Developing an Engaged Workforce: A Proven Framework for Retaining Staff and Building Competitive Advantage
No doubt about it, staffing is the greatest challenge organizations are facing these days. In senior care, the crisis is compounded by growing demand and more complex care needs. Two weeks ago, Kristen Yntema, CEO of AuthoraCare Collective, and I spoke at the NAHC Financial Managers’ Conference on proven strategies for building an engaged workforce. The bottom line: Building an engaged workforce starts with retention. When we focus on developing the best talent we already have, we will naturally attract more of the same.
Unfortunately, our retention strategies tend to start and end with compensation. And, while market-relevant compensation is important, the research shows time and again that the real reason people leave is that an organization doesn’t consistently live an established set of values. We let bad managers continue to lead, we let bullying culture run unchecked, and we tolerate substandard performance. Again, the research doesn’t give us an excuse to avoid pay, but it should encourage us to go beyond it.
At Transcend, we believe there are three essential elements to developing an engaged workforce. Coincidentally, these same elements help organizations build meaningful and sustainable competitive advantage.
- External value proposition, as expressed by the organization’s branding – The external value proposition helps patients, families, referrers and potential employees understand why they would want to work with you. Artfully cultivated, the brand creates competitive advantage in the market that discourages competition and attracts the market.
- Internal value proposition, as represented in a values- and mission-rooted culture – Your culture is what your organization is really like. Anyone who spends a few hours with your team would have a sense of who you hire, why you hire them, how team members work together and how they view their work. Leadership’s responsibility for crafting culture is heavily focused on accountability. As one of my former colleagues used to say, “You get what you tolerate.”
- Systems, or an organization’s way of working, which band the other two elements together and ensure accountability and consistency in delivering the value propositions – Systems span everything from hiring, onboarding and performance assessment to EMR platforms and leadership scorecards. Systems provide the accountability and oversight for the external and internal value proposition relative to strategic plan.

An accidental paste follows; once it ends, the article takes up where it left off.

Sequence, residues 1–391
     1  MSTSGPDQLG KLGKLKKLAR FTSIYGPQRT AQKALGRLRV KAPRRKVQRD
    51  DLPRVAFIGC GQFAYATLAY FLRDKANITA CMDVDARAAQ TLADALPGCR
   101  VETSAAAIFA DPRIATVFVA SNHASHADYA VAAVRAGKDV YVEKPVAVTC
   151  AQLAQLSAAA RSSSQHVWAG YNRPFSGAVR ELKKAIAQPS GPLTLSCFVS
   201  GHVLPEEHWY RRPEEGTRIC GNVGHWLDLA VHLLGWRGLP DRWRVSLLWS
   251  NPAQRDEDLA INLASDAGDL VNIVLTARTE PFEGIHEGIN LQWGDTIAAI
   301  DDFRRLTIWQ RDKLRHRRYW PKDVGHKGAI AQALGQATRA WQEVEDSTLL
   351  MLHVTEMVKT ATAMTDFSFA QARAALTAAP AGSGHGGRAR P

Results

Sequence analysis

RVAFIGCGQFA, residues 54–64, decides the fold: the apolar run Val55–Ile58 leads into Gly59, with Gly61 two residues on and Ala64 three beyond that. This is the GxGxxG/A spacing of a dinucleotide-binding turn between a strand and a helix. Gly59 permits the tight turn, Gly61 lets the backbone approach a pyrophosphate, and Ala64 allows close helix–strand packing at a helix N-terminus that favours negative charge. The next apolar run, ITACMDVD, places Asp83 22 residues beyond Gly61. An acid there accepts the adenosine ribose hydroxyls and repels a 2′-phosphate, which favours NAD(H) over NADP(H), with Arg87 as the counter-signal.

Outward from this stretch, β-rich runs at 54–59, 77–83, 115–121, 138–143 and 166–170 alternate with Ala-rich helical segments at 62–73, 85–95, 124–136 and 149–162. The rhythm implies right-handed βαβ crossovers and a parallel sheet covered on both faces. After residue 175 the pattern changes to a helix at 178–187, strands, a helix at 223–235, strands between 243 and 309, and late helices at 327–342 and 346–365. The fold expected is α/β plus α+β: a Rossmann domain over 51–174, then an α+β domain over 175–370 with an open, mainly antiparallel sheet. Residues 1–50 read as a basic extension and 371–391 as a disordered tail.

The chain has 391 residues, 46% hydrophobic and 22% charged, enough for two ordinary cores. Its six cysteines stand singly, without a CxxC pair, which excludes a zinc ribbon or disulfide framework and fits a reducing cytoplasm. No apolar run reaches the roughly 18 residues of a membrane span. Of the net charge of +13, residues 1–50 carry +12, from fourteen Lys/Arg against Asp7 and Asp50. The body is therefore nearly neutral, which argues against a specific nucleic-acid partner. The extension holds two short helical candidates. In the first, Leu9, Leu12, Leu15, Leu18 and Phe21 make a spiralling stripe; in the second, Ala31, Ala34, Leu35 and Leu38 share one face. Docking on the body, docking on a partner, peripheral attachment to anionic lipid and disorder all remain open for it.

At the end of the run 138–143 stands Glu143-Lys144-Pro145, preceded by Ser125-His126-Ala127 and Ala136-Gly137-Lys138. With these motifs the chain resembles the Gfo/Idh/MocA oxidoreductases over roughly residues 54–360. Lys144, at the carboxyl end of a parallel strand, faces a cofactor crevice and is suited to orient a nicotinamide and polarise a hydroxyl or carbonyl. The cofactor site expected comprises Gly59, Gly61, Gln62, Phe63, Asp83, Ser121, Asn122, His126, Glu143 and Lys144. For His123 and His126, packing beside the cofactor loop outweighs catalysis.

So, let’s look at this framework in action.
AuthoraCare Collective, a North Carolina-based hospice and palliative care provider, is an example of how competitive advantage and a strong and engaged workforce can be realized through this model. In less than two years, AuthoraCare has grown market share, slashed turnover, expanded reach to better serve African American/Black populations, increased census and extended length of stay across its continuum.
Sparked by a merger with a neighboring provider, Kristen and her team at then-Hospice and Palliative Care of Greensboro started their journey by evolving their brand architecture and values. A guiding possibility statement informed their work and served as true north on their purpose. Tangible projects helped enroll team members in the new organization. And, a new mission and set of core promises were created to bind team members together, foster connection and provide accountability. This language was specific and authentic to the new AuthoraCare brand and culture. Engagement activities deepened connection and help team members evolve from the prior brand and name to the new framework.
In 2020, the AuthoraCare team placed a stronger focus on diversity, equity and inclusion initiatives. A new possibility statement was created, and external partnerships helped the team go farther faster toward their goals. Special attention was paid to culture, systems and brand elements. One marker of progress … AuthoraCare Collective was awarded a Leaders in Diversity Award from the Triad Business Journal. Kristen and her team continue to put their focus on the future. The AuthoraCare strategic plan builds on these gains by focusing on honoring human difference as a business imperative.
Kristen uses a favorite quote from Rosa Parks to guide her efforts, “To bring about change, you must not be afraid to take the first step. We will fail when we fail to try.”
The AuthoraCare three-year journey is evidence of what is possible with hard work and determination. To start on your own journey toward a stronger workforce and competitive advantage, focus on checking the health of your brand and culture.